“Nivvy” and Phil Taylor changed places, and Liverpool resumed where they had left off, in first-class hearty attacks. Sagar was hesitant about coming out with the defence all at sea to a lob by McDougall, and Everton were extremely fortunate to escape a goal and a second later a shot from Vic Wright was sailing for home, but Struck Jackson and knocked him out. It looked as if Cunliffe had resumed too early after his injury, he developed a limp, while Cook and Gee required attention. The game was now one-sided, and the Everton forwards had no trophies on their sideboard. Dabs and Blenkinsop, two unerring full backs, took the goal kicks for Hobson at varying times, and I should rate Busby’s appearance, apart from his expert play, the mainspring of Liverpool’s astounding returns to their best form. The only comedy touch in this stern game came when Coulter caught a high ball just over the throw-in mark, and placed the ball and himself read for the thrower. The guard on Hobson, plus the frail efforts of the Everton forward line, caused the Liverpool goalkeeper to have a comfortable innings. Everton’s defence was equally tainted and slow moving, and it was well for Everton that Cook chased across the field to stop the roving “Nivvy” shooting a goal. Everton now showed unmistakeable signs of being rattled as well as unsettled. There was an old-fashioned ring of joy and applause when Dean, out on his own on the left wing, decided to perform his own operation from first to last. His shot had some pace, but swung a yard too high –a splendid old-time and old fashioned effort. Dean was working with the enthusiasm and fire of three men, and once more trekking to the left he shot what would have been a sinner but for Bradshaw, whose clearance at the goalmouth turned the ball upward and against Bradshaw’s arm the cry of “penalty” being a foolish one. Busby and Stevenson interlocked with resultant pain to Busby, but one is happy to say this had been another of the perfectly clean “Derby” games, there being two free kicks for fouls in one hour –which is sufficient testimony to the control of the players and the referee. Everton continued their revival by Britton, who now performed prodigious attacking, and Gillick keenest of all to get a goal, made a well-directed header, which Hobson caught. Everton had now caught the spirit of adventure, and they went up to score at the 64th minute of play. Stevenson was the scorer into an empty goalmouth, and three forwards had helped to make this goal, Cunliffe moving off towards centre and lobbing the ball forward to Coulter. The Irishman’s challenge to Hobson seemed to have failed when the ball passed onto to Stevenson, whose task, while joyful, was definitely a comforting and simple one.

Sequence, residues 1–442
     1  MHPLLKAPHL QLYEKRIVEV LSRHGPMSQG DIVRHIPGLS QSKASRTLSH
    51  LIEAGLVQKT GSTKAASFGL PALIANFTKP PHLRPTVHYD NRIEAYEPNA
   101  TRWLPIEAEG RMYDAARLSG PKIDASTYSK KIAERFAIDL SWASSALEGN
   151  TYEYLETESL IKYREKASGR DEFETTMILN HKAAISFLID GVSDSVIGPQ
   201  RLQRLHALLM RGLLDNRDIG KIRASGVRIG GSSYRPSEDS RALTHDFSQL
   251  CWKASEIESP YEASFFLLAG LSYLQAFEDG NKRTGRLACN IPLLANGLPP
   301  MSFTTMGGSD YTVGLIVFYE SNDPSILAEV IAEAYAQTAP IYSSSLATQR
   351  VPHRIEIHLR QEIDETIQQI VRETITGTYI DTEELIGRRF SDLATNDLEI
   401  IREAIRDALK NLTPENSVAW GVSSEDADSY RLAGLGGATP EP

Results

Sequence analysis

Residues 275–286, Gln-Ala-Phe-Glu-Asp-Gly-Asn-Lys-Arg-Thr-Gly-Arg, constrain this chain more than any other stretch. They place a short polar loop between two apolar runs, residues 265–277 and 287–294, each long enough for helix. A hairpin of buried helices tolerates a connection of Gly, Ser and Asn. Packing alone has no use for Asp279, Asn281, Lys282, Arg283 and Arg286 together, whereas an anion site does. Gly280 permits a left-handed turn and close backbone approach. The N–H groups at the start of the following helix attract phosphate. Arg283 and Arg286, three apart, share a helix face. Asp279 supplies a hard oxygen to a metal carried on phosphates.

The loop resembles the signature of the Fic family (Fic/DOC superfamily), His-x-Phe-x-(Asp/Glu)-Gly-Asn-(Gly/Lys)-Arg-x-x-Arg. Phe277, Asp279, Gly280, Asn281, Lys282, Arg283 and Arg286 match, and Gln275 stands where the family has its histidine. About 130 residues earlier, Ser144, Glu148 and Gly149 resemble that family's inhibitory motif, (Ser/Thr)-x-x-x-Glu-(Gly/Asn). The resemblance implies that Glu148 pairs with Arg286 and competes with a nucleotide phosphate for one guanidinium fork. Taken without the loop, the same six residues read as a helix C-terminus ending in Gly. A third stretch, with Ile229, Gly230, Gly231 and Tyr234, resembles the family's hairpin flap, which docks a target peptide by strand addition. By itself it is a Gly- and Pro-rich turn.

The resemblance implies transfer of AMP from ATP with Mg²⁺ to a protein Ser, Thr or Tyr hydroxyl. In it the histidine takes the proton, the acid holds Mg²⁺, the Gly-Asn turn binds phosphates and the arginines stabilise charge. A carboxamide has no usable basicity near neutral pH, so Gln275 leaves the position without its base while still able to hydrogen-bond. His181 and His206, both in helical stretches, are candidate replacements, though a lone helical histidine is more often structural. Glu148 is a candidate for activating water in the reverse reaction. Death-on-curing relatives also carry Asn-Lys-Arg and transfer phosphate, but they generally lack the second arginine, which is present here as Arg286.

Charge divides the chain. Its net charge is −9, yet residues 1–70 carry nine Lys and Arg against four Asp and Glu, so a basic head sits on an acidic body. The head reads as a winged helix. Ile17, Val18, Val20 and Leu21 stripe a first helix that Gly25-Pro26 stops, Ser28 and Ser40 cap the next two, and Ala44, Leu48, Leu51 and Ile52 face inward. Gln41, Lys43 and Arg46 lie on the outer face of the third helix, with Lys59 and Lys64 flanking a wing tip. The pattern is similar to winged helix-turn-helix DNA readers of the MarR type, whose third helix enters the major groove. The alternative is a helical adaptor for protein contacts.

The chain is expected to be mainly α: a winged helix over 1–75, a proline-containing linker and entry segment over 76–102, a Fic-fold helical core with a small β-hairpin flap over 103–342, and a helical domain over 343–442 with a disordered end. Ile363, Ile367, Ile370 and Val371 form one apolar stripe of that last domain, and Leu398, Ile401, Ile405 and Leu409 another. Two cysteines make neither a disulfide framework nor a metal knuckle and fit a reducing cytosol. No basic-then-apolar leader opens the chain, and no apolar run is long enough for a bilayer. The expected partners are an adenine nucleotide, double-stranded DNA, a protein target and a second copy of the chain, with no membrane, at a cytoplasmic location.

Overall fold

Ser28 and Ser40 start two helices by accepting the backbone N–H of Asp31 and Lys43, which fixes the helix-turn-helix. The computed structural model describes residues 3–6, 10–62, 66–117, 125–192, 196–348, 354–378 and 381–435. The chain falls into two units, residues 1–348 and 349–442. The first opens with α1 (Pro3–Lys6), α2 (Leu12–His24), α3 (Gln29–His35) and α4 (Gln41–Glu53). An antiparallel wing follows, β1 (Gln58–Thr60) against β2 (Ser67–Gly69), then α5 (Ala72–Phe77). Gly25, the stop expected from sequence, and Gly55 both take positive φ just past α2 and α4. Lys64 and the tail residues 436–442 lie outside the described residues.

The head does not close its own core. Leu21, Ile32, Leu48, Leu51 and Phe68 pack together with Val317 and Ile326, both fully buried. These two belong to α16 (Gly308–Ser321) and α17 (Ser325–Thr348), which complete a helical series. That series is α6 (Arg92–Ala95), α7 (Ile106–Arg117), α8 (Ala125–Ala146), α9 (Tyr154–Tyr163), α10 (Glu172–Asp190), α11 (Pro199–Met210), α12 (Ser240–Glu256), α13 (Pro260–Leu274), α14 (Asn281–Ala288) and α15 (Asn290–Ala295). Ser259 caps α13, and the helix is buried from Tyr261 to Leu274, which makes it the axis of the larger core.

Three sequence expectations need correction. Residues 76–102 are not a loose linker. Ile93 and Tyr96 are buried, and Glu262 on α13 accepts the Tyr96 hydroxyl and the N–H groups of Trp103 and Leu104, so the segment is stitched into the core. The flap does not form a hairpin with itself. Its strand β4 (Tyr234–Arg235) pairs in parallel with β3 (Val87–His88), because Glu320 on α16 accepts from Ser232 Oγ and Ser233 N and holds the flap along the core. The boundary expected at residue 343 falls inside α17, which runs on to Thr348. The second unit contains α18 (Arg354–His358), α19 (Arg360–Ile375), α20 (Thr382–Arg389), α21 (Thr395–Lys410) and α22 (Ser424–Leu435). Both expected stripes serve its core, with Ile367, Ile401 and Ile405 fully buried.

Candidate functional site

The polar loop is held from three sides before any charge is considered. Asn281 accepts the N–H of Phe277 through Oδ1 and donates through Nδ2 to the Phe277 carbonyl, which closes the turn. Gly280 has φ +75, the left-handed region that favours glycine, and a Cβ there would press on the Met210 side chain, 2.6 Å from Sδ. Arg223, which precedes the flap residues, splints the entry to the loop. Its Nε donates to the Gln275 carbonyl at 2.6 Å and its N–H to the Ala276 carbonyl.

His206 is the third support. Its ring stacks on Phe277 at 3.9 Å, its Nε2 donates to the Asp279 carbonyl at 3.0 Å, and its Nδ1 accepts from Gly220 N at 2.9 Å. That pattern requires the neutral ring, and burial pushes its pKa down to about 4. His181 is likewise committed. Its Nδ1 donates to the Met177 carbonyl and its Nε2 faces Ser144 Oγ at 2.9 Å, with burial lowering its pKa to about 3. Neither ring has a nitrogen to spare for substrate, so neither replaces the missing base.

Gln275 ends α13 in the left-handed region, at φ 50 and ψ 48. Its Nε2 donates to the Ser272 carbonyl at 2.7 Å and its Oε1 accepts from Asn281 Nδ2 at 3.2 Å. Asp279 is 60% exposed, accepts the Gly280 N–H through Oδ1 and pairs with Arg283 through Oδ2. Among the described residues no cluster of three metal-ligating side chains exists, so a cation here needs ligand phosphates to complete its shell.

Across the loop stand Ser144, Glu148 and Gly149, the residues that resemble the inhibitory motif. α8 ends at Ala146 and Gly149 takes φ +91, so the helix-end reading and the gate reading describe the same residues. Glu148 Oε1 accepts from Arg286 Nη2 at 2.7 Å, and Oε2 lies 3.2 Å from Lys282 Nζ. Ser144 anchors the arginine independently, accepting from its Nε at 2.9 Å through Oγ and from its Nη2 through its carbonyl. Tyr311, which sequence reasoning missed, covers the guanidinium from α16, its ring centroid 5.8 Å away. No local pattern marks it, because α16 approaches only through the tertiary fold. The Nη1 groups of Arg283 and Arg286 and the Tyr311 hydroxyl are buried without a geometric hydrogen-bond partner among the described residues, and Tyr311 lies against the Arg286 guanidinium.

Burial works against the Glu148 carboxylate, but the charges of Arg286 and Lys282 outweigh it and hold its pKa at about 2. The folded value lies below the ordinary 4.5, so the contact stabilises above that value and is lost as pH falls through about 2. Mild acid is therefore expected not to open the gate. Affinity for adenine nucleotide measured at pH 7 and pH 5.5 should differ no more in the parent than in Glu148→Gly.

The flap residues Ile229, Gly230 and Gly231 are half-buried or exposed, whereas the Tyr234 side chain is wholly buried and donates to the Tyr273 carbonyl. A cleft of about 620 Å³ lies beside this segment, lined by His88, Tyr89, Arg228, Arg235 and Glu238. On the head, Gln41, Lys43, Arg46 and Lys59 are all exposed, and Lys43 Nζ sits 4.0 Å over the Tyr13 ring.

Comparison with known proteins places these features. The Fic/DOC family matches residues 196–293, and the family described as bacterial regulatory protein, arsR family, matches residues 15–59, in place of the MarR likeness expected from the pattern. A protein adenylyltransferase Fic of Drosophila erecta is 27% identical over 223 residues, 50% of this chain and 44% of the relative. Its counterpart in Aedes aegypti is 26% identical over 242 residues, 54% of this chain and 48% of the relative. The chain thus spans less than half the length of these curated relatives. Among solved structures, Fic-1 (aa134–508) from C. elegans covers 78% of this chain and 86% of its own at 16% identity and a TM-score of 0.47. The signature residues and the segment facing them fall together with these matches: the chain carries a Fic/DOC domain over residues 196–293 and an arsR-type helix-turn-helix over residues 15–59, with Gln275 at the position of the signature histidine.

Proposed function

Blenkinsop Hurt.

This was a cruel blow for Liverpool, because they had been so much the better side, and the more likely to score at any moment until an hour had passed. But worse was to befall the Liverpool side because Blenkinsop fell when no one was near him, and apparently ricked his left knee. This was the cruellest blow of all, and Liverpool now had to play Hanson at left back, and Wright had to carry the left wing task. It was a thousand pities that Liverpool should have suffered two blows in two minutes after their sterling display, and it was nice to think that the Everton trainer joined up with the Liverpool trainer and the Liverpool manager, Mr. George Kay, in giving attention to Blenkinsop, who returned after five minutes delay to the passenger outside right. Nothing would go right with Liverpool and their cup of bitterness was filled when Bradshaw fell in the middle of the field near the penalty box, and thus left Gillick with a ready made chance. The boy who had been most keen to score now back-heeled the ball to Dean, who looked around as though aiming to pass the ball to an unmarked comrade, instead of which he proceeded to use his feet in a dribble, and eventually fired in a shot from six yards range to make the score 2-0 at the 73 minute. This was a complete turnover of the fates and the fortunes of football war. While congratulating Everton upon their lead, one had to confess that this was a result almost unjust to the Liverpool side. The blows to the visitors had taken all the heart out of them. While Busby had been their mainspring of attack, Britton and Dean had been responsible for the uprising of Everton, while Gee had not allowed Howe to use anything like his normal form. Phil Taylor now appearing as outside left, fell as Blenkinsop had done when no one was by his side, and he was no more than a hobbling passenger. Blenkinsop took a corner kick in his new-found post of outside right, and an excellent effort caused the goalkeeper to edge the ball over the bar for another corner kick. Dean made another great shot, which Hobson saved, despite the pace of Dean’s drive. Final Everton 2, Liverpool 0. The official attendance was 57,587.

Copyright - Liverpool Football Echo - Transcribed by http://www.bluecorrespondent.co.nr